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Loral Company Statement

Clinton Defends Satellite Waiver (Washington Post, May 18)

Justice Dept. Investigates Satellite Exports (Washington Post, May 17)

Chung Ties Funds To DNC (Washington Post, May 16)


Loral Denies Benefits in Return for Donations

By Roberto Suro and Juliet Eilperin
Washington Post Staff Writers
Tuesday, May 19, 1998; Page A03

In its first detailed response to allegations it received favorable treatment from the Clinton administration on high-technology exports to China, a major U.S. aerospace company denied yesterday that it requested or received "political favors or benefits of any kind" in exchange for campaign donations.

As congressional GOP leaders said they were considering naming a special committee to investigate the matter and the Justice Department moved closer to opening a criminal case, Loral Space and Communications Ltd. said that a waiver it received early this year to export satellite technology to China was "handled in a routine way" by the U.S. government.

"No political favors or benefits of any kind were requested or extended, directly or indirectly, by any means whatever," the statement said.

The company also said earlier allegations that its space systems division "provided missile guidance technology to the Chinese are false."

The Justice Department opened one criminal investigation last year to determine whether Loral and Hughes Electronics Corp. violated laws regarding the export of sensitive technologies after the 1996 crash of a Chinese "Long March" missile carrying a Loral-made satellite. In reviewing the results of a Chinese probe into the crash's cause, Loral and Hughes technicians allegedly turned over information that would improve the missile's guidance systems, despite U.S. policy against doing so.

Last February, with Justice already scrutinizing those allegations, Loral sought and was granted permission by the White House to return to China for another commercial satellite launch. Republicans claim the decision was influenced by $632,000 in donations to the Democratic Party by Loral CEO Bernard Schwartz, the party's largest single donor for the 1996 election.

The Loral statement yesterday said that Schwartz "was not personally involved in any aspect of this matter" and noted that this year's waiver was "one of 16 such waivers approved by Presidents Bush and Clinton since 1989."

The Justice Department's campaign finance task force, which is investigating a variety of allegations connected to 1996 campaign contributions, met yesterday to review the Loral matter but reached no conclusion on how to proceed. However, officials involved in the discussions said it appeared increasingly likely they would soon begin a full-scale criminal investigation of the 1998 waiver.

Meanwhile, House Speaker Newt Gingrich (R-Ga.) is considering establishing a select committee to probe the Loral matter and the broader allegation that the Chinese government sought to buy influence with the Clinton administration by coordinating a plan to illegally funnel as much as $2 million into U.S. political campaigns. Justice's investigation of the alleged "China plan" received a break recently when Democratic fund-raiser Johnny Chung told prosecutors he was given $300,000 by a Chinese military officer to use in U.S. campaigns.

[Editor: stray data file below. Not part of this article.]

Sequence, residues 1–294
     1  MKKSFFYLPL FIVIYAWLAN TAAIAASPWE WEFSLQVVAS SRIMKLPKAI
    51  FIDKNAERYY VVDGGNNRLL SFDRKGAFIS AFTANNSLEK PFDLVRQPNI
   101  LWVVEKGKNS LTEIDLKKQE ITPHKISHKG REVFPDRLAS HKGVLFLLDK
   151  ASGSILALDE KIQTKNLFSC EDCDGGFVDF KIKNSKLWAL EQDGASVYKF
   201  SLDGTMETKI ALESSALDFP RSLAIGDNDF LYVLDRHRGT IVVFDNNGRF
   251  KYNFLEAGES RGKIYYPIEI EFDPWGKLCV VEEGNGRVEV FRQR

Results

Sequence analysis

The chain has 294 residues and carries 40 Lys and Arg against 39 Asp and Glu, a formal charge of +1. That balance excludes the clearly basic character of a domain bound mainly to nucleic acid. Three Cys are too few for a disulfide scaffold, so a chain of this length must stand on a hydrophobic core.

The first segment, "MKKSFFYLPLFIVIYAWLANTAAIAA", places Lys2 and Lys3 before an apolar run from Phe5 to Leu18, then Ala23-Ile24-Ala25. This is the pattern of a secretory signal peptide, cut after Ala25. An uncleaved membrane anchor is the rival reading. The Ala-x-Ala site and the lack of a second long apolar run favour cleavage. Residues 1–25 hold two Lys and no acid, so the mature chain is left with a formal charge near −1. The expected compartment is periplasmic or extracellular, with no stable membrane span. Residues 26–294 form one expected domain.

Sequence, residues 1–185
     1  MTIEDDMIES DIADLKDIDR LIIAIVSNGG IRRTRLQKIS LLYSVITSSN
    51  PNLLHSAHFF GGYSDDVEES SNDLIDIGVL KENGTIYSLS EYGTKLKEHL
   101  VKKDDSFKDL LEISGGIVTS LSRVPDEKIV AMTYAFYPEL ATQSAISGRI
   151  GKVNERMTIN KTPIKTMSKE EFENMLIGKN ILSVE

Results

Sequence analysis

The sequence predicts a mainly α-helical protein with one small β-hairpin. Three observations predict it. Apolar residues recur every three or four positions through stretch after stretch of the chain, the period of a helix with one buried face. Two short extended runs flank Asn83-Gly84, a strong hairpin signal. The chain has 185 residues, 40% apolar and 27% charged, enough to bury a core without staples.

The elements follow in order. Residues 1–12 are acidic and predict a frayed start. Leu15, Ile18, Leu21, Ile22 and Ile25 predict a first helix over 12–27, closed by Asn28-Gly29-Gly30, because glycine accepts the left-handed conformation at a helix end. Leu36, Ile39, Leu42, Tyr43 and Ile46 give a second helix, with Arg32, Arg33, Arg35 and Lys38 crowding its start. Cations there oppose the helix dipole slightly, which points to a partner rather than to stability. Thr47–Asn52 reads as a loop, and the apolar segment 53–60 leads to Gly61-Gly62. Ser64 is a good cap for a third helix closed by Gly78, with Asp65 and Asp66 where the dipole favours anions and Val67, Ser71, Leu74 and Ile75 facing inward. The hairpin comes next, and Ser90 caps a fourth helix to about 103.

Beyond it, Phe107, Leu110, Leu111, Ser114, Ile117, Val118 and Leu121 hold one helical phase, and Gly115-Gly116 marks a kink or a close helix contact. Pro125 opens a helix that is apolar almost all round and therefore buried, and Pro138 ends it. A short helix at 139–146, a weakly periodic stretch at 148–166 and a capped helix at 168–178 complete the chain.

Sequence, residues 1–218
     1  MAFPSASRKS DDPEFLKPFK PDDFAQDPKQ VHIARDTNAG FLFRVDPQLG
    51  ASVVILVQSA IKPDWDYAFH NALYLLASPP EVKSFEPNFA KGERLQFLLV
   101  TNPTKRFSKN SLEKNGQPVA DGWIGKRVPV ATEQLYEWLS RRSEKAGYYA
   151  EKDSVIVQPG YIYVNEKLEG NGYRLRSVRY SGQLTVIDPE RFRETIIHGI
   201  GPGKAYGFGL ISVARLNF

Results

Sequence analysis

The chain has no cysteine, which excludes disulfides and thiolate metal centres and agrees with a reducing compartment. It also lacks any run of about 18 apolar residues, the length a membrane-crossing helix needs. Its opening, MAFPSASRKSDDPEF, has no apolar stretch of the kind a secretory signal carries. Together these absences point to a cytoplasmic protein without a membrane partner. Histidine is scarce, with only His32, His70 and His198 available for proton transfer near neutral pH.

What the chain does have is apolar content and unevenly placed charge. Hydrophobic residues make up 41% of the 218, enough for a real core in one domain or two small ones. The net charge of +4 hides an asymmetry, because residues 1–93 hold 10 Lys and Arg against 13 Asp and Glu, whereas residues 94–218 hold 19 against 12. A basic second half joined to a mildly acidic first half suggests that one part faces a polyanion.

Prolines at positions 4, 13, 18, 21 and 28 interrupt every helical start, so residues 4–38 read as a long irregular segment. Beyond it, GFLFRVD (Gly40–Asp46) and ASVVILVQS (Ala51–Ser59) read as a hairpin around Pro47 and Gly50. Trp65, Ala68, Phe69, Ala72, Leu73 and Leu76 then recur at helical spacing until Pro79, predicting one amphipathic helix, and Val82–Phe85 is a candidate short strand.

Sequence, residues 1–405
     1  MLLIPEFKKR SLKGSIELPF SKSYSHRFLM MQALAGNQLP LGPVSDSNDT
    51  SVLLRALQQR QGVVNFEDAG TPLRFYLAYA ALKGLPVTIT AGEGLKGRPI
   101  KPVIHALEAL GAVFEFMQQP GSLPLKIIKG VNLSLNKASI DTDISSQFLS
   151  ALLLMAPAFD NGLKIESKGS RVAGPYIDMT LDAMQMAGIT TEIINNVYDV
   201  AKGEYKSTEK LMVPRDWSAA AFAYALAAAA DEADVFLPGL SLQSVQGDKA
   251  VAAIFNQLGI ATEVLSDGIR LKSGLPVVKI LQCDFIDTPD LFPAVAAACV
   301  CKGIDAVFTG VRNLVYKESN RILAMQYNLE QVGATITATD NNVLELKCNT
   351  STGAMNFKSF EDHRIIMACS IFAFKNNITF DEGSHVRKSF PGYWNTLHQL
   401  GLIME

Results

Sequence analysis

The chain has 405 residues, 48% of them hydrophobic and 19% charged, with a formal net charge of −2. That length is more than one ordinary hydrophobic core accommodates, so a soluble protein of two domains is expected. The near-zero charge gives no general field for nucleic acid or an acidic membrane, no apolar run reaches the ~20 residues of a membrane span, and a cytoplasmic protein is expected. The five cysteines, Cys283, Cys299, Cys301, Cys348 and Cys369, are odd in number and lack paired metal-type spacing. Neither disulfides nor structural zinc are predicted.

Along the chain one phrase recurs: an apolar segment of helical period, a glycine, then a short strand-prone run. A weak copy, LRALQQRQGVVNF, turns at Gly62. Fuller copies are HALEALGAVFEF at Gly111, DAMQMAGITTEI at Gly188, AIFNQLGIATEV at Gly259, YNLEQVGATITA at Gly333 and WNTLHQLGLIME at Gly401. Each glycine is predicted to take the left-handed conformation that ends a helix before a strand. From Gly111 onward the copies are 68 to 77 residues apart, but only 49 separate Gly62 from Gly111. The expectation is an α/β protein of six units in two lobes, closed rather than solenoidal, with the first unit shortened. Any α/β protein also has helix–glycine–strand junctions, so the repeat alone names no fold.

"The express purpose of the select committee would be to address the unanswered questions surrounding Loral, as well as investigate whether or not communist China attempted to influence U.S. policy," Gingrich spokeswoman Christina Martin said, adding that the panel likely would be headed by Rep. Christopher Cox (R-Calif.).

Senate Majority Leader Trent Lott (R-Miss.) also said his chamber may launch a broader inquiry. The administration's decision to grant repeated satellite launch waivers to Loral, he said, has generated "growing concern" among Republicans about the administration's conduct of foreign policy.

White House spokesman Jim Kennedy responded, "We are confident that any fair . . . review will show that our policies were based on America's national interest."

The Loral statement provided the company's first detailed account of the failed 1996 launch and its involvement in Chinese efforts to correct the missile malfunction. "The company did not advise the Chinese on how to fix any problems with the Long March rocket," the statement said.

It noted that the owner of the satellite, Intelsat, the international communications consortium, had selected the Long March as its launch vehicle. Numerous companies launch commercial satellites atop Chinese rockets to save time and money.

After the Chinese conducted their own investigation, the statement said, the insurance industry "was unwilling to insure future . . . launches" unless "outside engineers" agreed with the Chinese conclusion the crash resulted from a "low-tech" soldering problem. In response to the insurance industry request, the statement said, Loral formed a committee of "representatives of several satellite companies" to review the Chinese results.

"The review committee's function was to obtain information from the Chinese, not to help the Chinese solve their problems," the statement said. The committee report led to the Justice investigation because "contrary to SS/L's [Space Systems/Loral's] own internal policies," a copy of it was provided to the Chinese "before consulting with State Department export licensing authorities," the statement said.

Staff reporter Helen Dewar contributed to this report.

© Copyright 1998 The Washington Post Company

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